SSI News Blog

Harmony Day is about inclusivity, respect and belonging. It was a day that SSI marked in March with a celebration as part of an initiative from Australia’s business sector that will help many refugees to build a sense of belonging in Australia.

African dancers and drummers perform in traditional costumes. An SSI representatives hands out food.
The Karifi Ensemble provided a lively display, while SSI Catering served delicious finger food.


The Friendly Nation Initiative (FNI) is a business-led strategy that seeks to increase employment, mentoring, training and internship opportunities for refugees and humanitarian migrants. It builds partnerships between corporate Australia and leaders in the settlement space like SSI, with the aim of linking business needs with refugee skills.

Finding employment helps refugees to become economically independent, forge links in the broader community and, ultimately, feel at home in Australia – something close to the heart of Harmony Day, an annual celebration designed to foster a sense of belonging for all.

At the event on Tuesday, attendees enjoyed the African beats and dancing of Karifi Ensemble, along with a diverse spread of canapés from SSI Catering – a social enterprise that gives job seekers work experience in a commercial kitchen environment.

SSI CEO Violet Roumeliotis said in addition to supporting refugees through its own employment initiatives, SSI was also working with employers as part of FNI to help new arrivals find stable and meaningful employment.

"Research and SSI’s anecdotal experience tells us that although the motivation to work is high among refugees who settle in Australia, this does not necessarily lead to employment. They face unique barriers to finding employment, including a lack of local work experience and difficulty getting prior qualifications recognised," she said.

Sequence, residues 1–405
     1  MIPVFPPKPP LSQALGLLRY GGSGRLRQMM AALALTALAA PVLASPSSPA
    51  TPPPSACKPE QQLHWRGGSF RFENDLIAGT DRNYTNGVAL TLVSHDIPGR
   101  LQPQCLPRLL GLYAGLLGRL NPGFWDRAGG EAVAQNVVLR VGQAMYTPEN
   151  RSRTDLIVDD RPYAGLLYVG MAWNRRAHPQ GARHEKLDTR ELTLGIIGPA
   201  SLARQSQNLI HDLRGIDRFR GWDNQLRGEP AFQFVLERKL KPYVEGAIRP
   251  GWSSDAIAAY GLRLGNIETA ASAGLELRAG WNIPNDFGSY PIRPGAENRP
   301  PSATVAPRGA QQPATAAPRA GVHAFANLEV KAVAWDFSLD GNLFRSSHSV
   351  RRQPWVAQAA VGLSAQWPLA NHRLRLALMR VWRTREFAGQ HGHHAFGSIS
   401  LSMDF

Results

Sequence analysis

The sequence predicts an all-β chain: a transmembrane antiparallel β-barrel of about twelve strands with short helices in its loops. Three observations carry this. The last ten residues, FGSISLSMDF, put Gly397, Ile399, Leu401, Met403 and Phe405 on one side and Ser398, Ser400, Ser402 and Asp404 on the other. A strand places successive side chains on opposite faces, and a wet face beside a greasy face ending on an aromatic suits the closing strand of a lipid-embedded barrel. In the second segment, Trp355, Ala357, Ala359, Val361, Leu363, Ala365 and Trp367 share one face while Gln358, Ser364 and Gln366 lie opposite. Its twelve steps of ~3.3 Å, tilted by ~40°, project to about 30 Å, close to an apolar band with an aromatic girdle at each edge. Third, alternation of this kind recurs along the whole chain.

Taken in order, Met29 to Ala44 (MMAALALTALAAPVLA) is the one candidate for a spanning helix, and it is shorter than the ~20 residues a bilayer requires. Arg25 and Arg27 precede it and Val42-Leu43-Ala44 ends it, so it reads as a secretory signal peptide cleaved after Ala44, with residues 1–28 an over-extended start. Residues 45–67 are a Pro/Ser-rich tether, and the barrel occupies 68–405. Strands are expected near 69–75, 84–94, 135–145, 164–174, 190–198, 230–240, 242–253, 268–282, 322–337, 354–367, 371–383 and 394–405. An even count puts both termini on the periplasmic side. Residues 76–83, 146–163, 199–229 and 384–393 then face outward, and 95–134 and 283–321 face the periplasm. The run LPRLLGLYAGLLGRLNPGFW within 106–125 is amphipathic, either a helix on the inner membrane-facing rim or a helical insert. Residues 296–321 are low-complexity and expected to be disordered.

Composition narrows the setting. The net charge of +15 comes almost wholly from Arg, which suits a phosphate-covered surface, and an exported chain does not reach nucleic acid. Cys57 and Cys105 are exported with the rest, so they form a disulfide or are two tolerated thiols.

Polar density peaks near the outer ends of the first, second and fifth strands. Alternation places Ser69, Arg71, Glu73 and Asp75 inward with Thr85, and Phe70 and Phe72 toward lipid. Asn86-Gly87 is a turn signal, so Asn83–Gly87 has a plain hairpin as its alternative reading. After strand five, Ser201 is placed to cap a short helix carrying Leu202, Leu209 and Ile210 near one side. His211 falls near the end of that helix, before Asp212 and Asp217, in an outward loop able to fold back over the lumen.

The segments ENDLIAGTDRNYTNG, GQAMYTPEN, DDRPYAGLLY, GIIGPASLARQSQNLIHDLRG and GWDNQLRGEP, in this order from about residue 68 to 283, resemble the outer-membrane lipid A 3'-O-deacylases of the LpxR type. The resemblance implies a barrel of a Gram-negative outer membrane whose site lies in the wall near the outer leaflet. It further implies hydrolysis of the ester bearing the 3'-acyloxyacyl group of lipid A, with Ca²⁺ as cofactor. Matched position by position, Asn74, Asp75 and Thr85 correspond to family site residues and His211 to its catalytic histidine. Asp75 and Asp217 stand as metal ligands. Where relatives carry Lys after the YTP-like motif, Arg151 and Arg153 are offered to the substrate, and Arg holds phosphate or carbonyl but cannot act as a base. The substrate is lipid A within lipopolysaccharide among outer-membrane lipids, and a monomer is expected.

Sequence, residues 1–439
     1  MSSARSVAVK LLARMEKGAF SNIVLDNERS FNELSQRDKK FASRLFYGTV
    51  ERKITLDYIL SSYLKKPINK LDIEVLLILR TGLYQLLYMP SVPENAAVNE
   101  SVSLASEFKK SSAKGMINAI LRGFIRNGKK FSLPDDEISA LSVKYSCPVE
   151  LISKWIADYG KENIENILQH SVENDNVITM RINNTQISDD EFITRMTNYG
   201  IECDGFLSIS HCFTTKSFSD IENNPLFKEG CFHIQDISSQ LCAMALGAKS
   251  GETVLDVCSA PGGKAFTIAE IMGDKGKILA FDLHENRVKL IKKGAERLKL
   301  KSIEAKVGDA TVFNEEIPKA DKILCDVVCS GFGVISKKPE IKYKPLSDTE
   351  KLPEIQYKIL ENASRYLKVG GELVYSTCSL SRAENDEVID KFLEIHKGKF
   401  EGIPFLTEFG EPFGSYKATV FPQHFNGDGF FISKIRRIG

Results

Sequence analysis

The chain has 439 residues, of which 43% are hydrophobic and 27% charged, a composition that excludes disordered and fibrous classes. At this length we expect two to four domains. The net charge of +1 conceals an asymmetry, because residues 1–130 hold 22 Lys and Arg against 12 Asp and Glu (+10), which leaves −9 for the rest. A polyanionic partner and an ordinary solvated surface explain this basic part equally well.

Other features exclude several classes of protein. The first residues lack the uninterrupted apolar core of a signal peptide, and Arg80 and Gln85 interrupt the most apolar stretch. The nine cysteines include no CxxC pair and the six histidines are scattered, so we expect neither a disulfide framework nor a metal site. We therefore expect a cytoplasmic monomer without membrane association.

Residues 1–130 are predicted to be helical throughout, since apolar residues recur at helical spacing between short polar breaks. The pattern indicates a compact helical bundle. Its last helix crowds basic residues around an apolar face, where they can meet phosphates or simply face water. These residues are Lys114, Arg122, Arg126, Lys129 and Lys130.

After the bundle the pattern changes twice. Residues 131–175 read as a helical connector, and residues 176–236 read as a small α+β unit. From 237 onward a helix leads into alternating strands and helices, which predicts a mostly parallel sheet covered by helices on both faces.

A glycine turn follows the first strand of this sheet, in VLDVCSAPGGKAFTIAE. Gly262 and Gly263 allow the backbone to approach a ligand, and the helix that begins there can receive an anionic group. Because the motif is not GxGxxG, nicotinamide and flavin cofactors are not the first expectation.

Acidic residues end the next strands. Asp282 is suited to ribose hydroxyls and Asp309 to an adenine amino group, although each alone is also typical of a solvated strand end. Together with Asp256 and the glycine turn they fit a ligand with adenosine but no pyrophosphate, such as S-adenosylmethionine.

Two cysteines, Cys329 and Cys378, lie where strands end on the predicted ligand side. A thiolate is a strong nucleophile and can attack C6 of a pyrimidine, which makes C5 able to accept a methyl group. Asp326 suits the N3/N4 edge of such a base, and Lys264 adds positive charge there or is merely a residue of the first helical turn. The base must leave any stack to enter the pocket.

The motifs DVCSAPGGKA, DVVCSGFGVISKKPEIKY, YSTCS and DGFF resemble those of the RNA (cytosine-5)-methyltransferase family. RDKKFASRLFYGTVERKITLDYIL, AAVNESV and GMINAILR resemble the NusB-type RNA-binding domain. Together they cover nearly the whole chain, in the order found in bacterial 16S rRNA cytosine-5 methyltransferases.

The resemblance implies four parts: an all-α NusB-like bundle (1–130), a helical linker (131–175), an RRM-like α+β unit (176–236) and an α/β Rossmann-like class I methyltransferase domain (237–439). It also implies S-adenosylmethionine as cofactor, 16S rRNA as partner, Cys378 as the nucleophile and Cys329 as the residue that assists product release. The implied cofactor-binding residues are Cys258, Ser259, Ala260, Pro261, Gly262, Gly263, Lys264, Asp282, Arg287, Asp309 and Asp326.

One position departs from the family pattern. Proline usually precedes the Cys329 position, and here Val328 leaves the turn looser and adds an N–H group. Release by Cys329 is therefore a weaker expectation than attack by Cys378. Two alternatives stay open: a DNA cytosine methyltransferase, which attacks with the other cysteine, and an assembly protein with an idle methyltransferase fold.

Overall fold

"There is huge untapped potential within the refugee community, which is why it is so wonderful to see businesses in NSW taking a leading role in creating employment opportunities for some of the newest members of our society. This has the potential to change so many lives for the better."

Ms Roumeliotis said hiring refugees also had benefits for employers as it added to the diversity of their workplaces.

"Diversity helps us to value new perspectives; to celebrate our differences and share what we have in common," she said.

"At SSI, diversity is one of our greatest strengths. We employ more than 150 bilingual and bicultural workers who speak 83 languages between them. That diversity helps us to work more collaboratively, it leads to more innovative outcomes and solutions, and makes us stronger as an organisation."

Ms Roumeliotis said she hoped more employers would take the lead from those businesses involved with FNI and open up employment opportunities for some of Australia’s newest community members.

Success stories

“Humanity and freedom” celebrated on Australia Day

Behrooz Gouniai and his family. at Circular Quay.This Australia Day Behrooz Gouniai and his family will be at the beach, like millions of others, celebrating what being Aussie means to them. Behrooz, 64, came to Australia as a refugee more than 30 years ago after being pushed out of Iran first, and then India.

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